Marathon 2014 will be different. But if next year will be a corrective, what will the race look like in five years? And how will we tell the story of what happened?
All day long, they file past a formation of reporters and TV cameras camped outside the granite fortress, past the police officers defending the door, and into the cavernous high-ceilinged hall that Guardsmen once used for drills and that the Boston Park Plaza Hotel across the street now uses as overflow function space.
The former armory, better known as “the Castle,” sits at the intersection of Columbus Avenue and Arlington Street. That puts it just a few blocks from the stretch of Boylston Street where madness had struck.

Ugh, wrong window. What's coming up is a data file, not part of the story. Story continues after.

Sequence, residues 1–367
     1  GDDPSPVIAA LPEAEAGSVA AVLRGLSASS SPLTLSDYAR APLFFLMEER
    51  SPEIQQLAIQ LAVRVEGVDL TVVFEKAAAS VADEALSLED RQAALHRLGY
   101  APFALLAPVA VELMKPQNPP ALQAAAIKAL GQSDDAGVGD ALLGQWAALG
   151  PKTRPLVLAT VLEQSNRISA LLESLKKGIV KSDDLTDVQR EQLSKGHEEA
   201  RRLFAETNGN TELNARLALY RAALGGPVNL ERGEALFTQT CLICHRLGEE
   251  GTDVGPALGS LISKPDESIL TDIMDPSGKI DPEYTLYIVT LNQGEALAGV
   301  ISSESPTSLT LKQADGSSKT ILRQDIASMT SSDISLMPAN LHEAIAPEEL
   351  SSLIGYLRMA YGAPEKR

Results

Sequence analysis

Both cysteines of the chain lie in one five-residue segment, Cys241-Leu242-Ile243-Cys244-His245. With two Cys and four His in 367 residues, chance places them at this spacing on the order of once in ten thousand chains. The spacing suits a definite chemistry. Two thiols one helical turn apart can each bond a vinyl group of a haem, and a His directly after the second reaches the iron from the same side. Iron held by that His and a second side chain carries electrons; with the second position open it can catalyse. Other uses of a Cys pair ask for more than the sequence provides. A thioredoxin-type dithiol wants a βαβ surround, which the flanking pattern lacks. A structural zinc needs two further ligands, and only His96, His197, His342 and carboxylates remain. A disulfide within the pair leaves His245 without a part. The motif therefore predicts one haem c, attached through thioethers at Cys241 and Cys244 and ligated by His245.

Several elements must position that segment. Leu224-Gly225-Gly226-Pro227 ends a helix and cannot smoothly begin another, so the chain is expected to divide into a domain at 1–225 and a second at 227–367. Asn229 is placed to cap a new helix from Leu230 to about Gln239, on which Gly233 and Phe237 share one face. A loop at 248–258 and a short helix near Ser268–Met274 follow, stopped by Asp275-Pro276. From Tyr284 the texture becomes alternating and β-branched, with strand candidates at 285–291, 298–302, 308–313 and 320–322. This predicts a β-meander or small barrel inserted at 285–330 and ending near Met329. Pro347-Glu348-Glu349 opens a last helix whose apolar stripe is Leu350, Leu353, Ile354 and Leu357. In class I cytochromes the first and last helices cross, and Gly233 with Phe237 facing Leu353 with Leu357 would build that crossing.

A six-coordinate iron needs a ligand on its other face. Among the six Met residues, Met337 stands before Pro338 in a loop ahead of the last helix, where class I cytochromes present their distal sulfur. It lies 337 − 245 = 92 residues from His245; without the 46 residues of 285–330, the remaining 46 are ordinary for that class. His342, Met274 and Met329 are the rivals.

The building’s assigned function on April 16, this sad day after the Marathon bombings, is of the unemotional type, as a depot. When thousands of runners had been hurried off the course after the twin blasts, they were prevented from receiving their medals and collecting the bright yellow bags, marked with their bib numbers, that stored their phones, wallets, and change of clothes. Now they are showing up to reclaim what is theirs. This should be a straightforward transaction conducted inside a cold gray building made more imposing by the menacing dragon carved into its granite tower. There is no indication that the place will turn into a house of healing.